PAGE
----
Delays in completion of national children’s hospital ‘exacerbated’ by lack of programme

Board overseeing the project has yet to receive ‘valid works programme’ from builder

Site of the new national children’s hospital. Photograph: Dara Mac Dónaill

Site of the new national children’s hospital. Photograph: Dara Mac Dónaill

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Delays in the completion of the new national children’s hospital have been “exacerbated” as the board overseeing the project has yet to receive a “valid work programme” from the builder.

The National Paediatric Hospital Development Board (NPHDB) is currently carrying out a new assessment of the project to determine how much the hospital will cost and when it might be finished.

The cost has risen from an estimated €800 million in 2014, to €983 million in 2017, and at least €1.43 billion now. Equipping the building and providing IT systems pushes this bill up to at least €1.73 billion and there has been speculation that the eventual cost could exceed €2 billion.

Under the original plan the hospital was expected to open in 2023, however delays are continuing on site.

Last November, the project board said that it was waiting to receive an updated plan from the main contractor, BAM. A spokeswoman for the NPHDB confirmed last week that the new programme of work has not yet been received.

“Despite ongoing engagement with the main contractor, the NPHDB is still without a valid works programme that is in line with its contractual obligations. Under the contract, the new children’s hospital was due to be completed by the end of 2022 and handed over to Children’s Health Ireland to open in 2023 after a period of commissioning.

“However, as the NPHDB informed the Joint Oireachtas Committee on Health in December 2020, the main contractor was behind schedule before Covid-19 and the delays have been exacerbated since.

“The NPHDB is continuing to engage with the main contractor to obtain an updated programme of works that is in line with its contractual commitments and it is currently undertaking as assessment of the position in order to assess a revised likely timeframe and cost, bearing in mind the delays and the productivity on site to date.”

Claims

While a new cost estimate has not yet been given to Government, it emerged last year that BAM had submitted more than 600 claims for extra costs amounting to more than €200 million.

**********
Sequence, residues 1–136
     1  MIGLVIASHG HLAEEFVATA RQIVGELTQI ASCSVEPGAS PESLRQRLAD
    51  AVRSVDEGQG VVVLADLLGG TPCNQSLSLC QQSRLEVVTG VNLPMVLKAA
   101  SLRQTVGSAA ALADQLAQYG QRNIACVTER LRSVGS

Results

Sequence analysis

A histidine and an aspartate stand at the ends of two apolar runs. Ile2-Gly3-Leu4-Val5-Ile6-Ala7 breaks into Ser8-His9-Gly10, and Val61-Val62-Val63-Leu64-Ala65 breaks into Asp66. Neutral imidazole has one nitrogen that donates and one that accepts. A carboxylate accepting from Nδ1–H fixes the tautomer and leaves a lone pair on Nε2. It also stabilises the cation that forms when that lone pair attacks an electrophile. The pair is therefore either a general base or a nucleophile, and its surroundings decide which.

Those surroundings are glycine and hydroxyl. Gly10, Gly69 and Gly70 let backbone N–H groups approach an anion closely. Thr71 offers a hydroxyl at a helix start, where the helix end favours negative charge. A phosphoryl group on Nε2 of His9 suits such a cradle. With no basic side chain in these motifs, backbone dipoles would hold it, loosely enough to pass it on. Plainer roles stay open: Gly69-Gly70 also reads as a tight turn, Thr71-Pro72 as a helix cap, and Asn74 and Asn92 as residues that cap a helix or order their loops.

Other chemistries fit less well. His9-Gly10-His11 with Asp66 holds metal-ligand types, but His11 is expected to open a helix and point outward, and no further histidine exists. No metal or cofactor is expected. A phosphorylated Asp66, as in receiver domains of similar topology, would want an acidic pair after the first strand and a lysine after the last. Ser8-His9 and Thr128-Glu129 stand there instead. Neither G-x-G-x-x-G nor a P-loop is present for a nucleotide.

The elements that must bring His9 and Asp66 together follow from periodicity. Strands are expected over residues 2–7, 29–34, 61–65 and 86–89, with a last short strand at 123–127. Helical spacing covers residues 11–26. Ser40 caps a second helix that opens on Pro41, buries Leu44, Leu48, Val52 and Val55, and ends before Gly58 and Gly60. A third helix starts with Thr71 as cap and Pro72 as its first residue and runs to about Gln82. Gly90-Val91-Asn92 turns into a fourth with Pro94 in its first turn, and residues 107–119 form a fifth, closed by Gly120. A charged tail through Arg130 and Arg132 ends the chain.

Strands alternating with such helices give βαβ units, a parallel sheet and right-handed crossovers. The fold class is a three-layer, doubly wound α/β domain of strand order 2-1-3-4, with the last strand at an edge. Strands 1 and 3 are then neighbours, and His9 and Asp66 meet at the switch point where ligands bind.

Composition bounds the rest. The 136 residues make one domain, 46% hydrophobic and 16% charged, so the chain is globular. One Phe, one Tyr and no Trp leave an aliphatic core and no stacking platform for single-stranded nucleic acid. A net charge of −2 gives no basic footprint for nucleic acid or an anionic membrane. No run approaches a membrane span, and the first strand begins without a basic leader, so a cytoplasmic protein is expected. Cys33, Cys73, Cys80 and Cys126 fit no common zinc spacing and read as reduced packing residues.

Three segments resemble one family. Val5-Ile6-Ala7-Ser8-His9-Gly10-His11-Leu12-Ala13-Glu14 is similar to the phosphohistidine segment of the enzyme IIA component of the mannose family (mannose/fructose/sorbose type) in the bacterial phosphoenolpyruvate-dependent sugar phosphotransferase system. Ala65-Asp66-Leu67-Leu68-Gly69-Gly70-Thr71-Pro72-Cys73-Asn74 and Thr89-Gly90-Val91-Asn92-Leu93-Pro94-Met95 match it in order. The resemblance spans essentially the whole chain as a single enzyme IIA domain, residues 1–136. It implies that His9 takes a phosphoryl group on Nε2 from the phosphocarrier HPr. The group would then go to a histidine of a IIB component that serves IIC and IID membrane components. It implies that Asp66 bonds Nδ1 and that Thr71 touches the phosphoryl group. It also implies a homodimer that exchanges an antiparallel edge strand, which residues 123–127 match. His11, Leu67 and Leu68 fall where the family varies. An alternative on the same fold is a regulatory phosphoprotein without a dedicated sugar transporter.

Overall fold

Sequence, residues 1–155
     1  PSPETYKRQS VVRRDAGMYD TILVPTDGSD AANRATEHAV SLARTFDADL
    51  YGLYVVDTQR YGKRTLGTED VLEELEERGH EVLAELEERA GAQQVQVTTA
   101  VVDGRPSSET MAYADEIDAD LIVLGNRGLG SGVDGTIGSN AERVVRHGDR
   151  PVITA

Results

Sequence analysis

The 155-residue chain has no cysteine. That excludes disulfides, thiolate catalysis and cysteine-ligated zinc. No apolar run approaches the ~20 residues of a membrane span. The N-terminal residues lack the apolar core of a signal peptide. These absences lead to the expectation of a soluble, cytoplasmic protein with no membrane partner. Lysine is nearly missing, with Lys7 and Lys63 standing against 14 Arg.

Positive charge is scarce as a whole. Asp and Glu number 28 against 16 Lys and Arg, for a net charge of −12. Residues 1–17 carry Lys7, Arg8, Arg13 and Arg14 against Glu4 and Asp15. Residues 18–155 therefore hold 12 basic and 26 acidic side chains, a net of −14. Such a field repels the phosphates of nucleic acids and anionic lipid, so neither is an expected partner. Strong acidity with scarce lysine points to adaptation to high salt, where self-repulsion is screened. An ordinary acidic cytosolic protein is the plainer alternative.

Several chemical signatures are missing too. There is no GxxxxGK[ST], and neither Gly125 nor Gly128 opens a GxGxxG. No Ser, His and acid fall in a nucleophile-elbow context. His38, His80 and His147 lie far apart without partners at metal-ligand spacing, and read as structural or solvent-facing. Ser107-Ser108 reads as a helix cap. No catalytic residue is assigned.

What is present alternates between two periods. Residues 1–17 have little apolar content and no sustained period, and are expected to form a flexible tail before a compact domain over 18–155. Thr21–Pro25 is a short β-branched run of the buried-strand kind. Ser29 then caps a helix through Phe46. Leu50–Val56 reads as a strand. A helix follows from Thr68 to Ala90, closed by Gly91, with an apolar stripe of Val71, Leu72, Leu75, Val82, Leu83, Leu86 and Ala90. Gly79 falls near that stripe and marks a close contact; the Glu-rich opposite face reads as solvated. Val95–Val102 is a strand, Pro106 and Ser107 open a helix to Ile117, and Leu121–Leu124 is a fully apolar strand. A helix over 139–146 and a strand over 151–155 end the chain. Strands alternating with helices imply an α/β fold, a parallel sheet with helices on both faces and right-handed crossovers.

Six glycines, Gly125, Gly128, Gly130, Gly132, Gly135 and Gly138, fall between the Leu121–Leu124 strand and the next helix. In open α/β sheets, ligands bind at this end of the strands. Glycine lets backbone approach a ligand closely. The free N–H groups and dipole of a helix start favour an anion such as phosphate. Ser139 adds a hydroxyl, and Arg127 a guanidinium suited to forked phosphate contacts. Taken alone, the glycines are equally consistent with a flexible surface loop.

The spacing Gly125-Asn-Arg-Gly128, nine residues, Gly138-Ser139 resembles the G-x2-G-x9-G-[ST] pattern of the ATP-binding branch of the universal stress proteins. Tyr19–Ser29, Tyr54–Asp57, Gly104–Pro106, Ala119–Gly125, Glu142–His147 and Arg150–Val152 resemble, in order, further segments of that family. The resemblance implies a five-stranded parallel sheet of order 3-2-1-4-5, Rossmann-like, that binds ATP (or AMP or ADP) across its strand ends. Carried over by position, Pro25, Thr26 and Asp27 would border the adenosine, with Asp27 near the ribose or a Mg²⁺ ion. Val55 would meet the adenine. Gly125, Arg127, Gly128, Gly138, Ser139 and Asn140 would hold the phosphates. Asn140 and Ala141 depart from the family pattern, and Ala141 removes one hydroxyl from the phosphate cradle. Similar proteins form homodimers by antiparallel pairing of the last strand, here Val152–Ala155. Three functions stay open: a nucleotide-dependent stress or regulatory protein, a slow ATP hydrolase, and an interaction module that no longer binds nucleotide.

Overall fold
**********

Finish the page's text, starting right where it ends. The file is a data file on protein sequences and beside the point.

Last November BAM said that while an impression had been given there was no valid work programme, the company had “submitted several programmes and has updated them every month tracking actual versus planned progress”.

“The client is maintaining that for technical reasons (some related to Covid) the programme has deficiencies which makes it ‘non-compliant’. BAM disagrees and is satisfied that the programme as submitted is more than what is needed to monitor progress.”

It is understood this is still the company’s position.

Meanwhile, the project board also received confirmation from the Department of Health last week that the project is included in a list of essential health projects that are exempt from current Covid-19 restrictions in relation to the closure of construction sites.

“Construction works are continuing at the new children’s hospital site and the NPHDB is in ongoing communication with the main contractor about its responsibilities with respect to operations and health and safety, and with the local resident representatives and public representatives about their concerns.”

A dedicated resident’s committee met twice last week and BAM has confirmed that it is implementing enhanced safety measures on and around the site, a spokeswoman for the board said.

“The health and safety of the people working on site, as well as those living in close proximity to the site, the public, and the suppliers, is of paramount importance to everyone working on the project.”